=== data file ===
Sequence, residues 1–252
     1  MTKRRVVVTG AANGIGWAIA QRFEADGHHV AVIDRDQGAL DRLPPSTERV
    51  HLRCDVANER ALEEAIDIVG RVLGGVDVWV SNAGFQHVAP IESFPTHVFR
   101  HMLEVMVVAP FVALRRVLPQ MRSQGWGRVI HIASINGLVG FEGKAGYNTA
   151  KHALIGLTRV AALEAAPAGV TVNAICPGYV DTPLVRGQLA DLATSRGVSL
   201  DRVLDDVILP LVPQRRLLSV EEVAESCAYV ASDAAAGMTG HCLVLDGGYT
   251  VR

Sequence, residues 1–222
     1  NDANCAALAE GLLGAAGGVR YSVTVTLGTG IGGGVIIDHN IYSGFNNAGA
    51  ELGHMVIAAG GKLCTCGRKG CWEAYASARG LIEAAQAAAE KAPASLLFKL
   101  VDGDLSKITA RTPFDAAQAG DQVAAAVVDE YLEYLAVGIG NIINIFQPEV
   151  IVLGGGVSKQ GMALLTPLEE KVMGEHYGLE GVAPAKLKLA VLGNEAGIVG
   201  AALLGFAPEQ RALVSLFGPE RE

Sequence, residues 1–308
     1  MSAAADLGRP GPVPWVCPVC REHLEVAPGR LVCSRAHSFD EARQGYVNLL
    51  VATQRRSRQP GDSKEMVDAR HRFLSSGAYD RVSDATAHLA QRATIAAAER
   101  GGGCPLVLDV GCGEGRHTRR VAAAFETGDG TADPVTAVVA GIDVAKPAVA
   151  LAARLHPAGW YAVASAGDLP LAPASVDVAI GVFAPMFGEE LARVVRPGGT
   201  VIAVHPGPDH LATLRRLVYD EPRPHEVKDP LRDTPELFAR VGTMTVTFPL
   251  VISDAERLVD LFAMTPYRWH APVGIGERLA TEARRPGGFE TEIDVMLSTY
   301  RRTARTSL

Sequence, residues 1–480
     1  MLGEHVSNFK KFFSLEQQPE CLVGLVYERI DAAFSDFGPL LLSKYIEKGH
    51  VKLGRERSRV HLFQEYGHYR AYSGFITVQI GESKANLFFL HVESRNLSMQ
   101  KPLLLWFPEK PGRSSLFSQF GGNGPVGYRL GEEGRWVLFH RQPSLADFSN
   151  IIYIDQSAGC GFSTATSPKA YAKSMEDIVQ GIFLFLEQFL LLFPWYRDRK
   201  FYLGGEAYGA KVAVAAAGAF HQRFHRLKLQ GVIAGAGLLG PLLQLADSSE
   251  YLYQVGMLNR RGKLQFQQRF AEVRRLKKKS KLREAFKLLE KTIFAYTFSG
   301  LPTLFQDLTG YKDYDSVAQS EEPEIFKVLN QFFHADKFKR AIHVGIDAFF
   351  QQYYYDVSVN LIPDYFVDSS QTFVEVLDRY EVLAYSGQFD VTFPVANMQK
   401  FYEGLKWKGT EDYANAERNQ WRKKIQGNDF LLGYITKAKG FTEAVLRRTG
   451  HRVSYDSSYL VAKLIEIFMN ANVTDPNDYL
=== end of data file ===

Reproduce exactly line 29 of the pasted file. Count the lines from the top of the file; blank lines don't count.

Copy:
   301  LPTLFQDLTG YKDYDSVAQS EEPEIFKVLN QFFHADKFKR AIHVGIDAFF